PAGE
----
I love music. I could listen to it all day. Punk. Goth. Electronica. Hip-hop. Folk. Acid rock. Metal. Traditional Celtic. Pretty much anything except bombastic classical and atonal free-form jazz. I’ve got my entire music collection stored on its own hard-disk drive. When I was shopping for a new phone, I had to make sure it had enough memory to store many hours’ worth of tunes. I have 30 Pandora stations for anything that suits my mood for the day.
But hands down, my favorite music of all is my cats’ purr.
Purring relieves my anxiety when I’m anxious and scared about the future. It makes me feel safe and brings me back to the present when I get stuck in the throes of a bad memory. It can even help me sleep in a strange environment.
This spring, I had to spend a week in the hospital. It was bad enough that I was so sick I needed to be hospitalized, but getting to sleep and staying asleep was really hard. I was in a strange bed, in a place full of odd noises and some level of light all through the night. Not only that, but I didn’t have my beloved cats, who sleep next to me every single night.
Fortunately, my best friend sent me a link to a YouTube video with hours and hours of feline purring.
In my strange bed, I drifted off to sleep with my phone beside me, the sounds of feline purrs drowning out the unfamiliar noises.
I slept better that night than I had in weeks. The nurses actually had to wake me up in the morning because I’d spent almost 12 hours in the land of Nod.
I like to think the purring was just as much of a factor in my healing as the medications and the daily activities.
There’s an old veterinary adage that goes, “If you put a cat and a bunch of broken bones in the same room, the bones will heal.”
And recent research reveals that there just might be some truth to that. The purr vibration is in a range of 25 to 150 Hertz. Frequencies of 25 and 50 Hertz are the best — and 100 and 200 Hz the second best — frequencies for promoting bone strength and healing.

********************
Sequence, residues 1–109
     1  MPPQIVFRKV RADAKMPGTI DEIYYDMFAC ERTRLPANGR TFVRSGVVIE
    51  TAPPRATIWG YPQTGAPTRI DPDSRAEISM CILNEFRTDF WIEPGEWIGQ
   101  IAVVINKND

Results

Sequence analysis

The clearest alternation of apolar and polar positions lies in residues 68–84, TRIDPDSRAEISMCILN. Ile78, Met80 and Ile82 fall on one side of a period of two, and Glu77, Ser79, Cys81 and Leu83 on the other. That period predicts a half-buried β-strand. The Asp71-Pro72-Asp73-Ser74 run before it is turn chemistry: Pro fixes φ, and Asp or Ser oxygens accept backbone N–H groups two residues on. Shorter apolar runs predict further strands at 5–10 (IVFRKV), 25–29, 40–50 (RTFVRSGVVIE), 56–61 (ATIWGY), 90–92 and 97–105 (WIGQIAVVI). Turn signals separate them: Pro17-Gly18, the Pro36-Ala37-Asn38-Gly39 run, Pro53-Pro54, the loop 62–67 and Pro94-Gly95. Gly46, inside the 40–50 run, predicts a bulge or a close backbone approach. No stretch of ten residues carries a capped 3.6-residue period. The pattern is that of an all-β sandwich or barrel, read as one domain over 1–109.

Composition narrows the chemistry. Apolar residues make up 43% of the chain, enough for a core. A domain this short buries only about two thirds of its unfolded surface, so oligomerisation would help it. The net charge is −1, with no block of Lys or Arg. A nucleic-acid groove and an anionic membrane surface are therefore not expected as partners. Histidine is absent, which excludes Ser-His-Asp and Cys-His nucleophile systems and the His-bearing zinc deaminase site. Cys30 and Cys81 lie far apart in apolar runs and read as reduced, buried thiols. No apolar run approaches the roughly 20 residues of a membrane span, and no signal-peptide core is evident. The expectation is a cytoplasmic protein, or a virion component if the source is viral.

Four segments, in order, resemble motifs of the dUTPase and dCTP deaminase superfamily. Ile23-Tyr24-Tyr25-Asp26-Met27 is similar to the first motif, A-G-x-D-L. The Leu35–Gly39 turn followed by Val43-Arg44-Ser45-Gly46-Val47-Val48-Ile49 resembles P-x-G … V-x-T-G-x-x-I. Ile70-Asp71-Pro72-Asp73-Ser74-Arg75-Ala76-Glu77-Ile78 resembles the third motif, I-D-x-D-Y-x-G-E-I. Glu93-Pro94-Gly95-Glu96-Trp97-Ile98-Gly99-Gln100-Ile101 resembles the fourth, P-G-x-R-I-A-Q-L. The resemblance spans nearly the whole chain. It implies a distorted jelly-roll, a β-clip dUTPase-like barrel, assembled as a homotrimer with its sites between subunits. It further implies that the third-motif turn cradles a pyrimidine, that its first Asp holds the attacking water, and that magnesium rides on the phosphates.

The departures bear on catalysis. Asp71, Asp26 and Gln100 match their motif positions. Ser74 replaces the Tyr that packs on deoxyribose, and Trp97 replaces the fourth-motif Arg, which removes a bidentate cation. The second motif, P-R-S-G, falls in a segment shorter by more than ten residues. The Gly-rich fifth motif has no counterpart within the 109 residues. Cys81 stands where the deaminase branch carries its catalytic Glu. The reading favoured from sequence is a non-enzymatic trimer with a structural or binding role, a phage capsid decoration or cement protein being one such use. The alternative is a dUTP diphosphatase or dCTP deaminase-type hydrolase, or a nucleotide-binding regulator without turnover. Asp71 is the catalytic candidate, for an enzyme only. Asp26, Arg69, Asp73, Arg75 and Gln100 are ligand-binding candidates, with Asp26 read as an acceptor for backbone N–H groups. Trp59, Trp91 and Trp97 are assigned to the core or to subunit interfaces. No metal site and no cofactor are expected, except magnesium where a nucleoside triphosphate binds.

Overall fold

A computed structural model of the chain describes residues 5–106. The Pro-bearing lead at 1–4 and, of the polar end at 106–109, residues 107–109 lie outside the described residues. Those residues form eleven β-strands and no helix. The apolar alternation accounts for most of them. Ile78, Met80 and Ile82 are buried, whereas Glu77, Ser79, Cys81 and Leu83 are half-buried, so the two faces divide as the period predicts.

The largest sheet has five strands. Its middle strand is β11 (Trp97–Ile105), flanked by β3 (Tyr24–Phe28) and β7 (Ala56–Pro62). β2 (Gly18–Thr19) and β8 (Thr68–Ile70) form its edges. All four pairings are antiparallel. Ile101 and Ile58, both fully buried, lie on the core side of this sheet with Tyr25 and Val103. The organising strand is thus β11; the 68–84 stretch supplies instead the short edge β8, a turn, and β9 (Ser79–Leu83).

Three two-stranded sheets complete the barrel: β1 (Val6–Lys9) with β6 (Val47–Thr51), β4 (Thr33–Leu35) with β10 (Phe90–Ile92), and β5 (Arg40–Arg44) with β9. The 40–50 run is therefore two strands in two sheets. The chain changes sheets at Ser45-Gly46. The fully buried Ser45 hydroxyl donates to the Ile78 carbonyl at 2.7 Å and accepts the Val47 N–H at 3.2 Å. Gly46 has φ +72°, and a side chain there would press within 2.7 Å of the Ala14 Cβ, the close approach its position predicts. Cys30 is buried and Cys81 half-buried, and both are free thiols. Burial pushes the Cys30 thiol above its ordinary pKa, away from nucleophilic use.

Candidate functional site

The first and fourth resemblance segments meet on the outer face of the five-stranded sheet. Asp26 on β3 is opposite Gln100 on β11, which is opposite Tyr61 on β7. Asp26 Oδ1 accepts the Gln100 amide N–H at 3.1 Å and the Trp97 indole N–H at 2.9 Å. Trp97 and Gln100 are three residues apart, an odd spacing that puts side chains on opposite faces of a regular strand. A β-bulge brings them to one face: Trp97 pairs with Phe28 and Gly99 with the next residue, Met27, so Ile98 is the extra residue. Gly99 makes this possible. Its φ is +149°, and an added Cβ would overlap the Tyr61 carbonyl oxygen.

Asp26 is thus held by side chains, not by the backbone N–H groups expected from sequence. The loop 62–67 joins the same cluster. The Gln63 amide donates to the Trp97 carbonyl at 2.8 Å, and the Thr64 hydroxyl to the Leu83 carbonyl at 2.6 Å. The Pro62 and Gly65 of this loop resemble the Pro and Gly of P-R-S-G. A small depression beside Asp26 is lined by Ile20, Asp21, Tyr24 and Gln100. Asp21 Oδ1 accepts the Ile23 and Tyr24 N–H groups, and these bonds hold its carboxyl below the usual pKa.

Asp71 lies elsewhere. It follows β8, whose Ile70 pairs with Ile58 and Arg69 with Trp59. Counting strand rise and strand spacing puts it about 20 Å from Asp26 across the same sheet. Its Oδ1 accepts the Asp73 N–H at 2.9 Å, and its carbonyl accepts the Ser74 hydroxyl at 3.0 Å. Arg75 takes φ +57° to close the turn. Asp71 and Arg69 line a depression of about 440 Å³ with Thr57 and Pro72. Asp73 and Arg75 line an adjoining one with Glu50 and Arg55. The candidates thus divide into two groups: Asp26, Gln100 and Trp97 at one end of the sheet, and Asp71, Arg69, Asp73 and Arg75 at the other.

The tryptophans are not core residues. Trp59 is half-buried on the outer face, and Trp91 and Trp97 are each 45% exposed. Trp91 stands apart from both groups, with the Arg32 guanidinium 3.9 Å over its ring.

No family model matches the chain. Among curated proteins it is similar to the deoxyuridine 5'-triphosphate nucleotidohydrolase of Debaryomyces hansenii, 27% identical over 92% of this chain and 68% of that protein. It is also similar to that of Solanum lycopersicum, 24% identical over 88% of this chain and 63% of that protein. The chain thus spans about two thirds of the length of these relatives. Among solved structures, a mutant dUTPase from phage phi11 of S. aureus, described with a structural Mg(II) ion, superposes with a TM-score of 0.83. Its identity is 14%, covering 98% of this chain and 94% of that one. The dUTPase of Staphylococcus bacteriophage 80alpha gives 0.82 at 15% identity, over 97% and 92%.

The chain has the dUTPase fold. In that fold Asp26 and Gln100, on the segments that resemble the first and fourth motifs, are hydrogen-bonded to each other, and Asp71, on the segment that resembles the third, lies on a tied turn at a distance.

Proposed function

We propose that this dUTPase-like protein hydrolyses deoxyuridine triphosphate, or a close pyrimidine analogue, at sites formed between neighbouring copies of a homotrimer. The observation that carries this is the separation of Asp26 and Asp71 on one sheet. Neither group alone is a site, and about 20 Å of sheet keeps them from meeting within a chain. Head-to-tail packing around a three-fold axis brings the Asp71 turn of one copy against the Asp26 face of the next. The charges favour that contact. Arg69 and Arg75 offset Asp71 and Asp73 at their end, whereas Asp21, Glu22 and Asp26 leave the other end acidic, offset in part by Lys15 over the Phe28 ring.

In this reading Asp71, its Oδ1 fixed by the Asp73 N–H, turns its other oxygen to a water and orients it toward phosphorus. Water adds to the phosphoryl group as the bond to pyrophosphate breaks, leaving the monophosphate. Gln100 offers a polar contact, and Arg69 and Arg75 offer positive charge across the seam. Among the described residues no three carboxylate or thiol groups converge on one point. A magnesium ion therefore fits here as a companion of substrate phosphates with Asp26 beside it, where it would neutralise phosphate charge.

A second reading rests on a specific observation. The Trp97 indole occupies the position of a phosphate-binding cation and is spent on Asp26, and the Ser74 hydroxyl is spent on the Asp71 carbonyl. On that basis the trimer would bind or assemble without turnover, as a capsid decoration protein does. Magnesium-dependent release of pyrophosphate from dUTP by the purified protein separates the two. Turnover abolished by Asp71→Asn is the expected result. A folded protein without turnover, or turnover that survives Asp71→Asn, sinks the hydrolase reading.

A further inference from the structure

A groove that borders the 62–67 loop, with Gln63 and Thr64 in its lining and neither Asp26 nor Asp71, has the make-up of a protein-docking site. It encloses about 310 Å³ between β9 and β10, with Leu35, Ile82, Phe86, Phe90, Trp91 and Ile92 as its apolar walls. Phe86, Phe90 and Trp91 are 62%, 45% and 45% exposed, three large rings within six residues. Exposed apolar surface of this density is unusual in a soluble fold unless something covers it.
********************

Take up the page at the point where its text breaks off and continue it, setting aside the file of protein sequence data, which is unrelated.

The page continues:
Cat purrs also decrease the symptoms of dyspnea (breathing difficulties) in both cats and people. Cat owners are 40 percent less likely to have a heart attack than people without feline friends.
Purr vibrations even help in healing muscle and soft tissue injuries, as well as infections and swelling. So the next time you hurt your back rearranging your furniture, let your cat curl up next to your sore sacrum and do her thing.
On a purely non-scientific level, I can also attest that having a warm, purring cat in your lap helps to ease menstrual cramps as well.
Sure, cats purr for reasons other than contentment, but it’s pretty clear when that’s the case — they’re injured or anxious, for example — but in those cases they’re using their own purrs to heal or de-stress themselves. So cats themselves also know about the healing power of the purr, and they’re not afraid to use it for their own benefit.
Cats also purr as a method of communication and solicitation, as anyone who’s ever awakened to the sound of a purring cat shoving her nose in your face to tell you she’s ready for breakfast. But it’s much nicer to wake up to a purr and a wet nose than to the beeping of my alarm clock!
Do you agree that the purr is the most awesome sound in the world? How has the power of the purr benefited you? Share your stories in the comments.
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About JaneA Kelley: Punk-rock cat mom, science nerd, animal rescue volunteer and all-around geek with a passion for bad puns, intelligent conversation, and role-play adventure games. She gratefully and gracefully accepts her status as chief cat slave for her family of feline authors, who have been writing their award-winning cat advice blog, Paws and Effect, since 2003.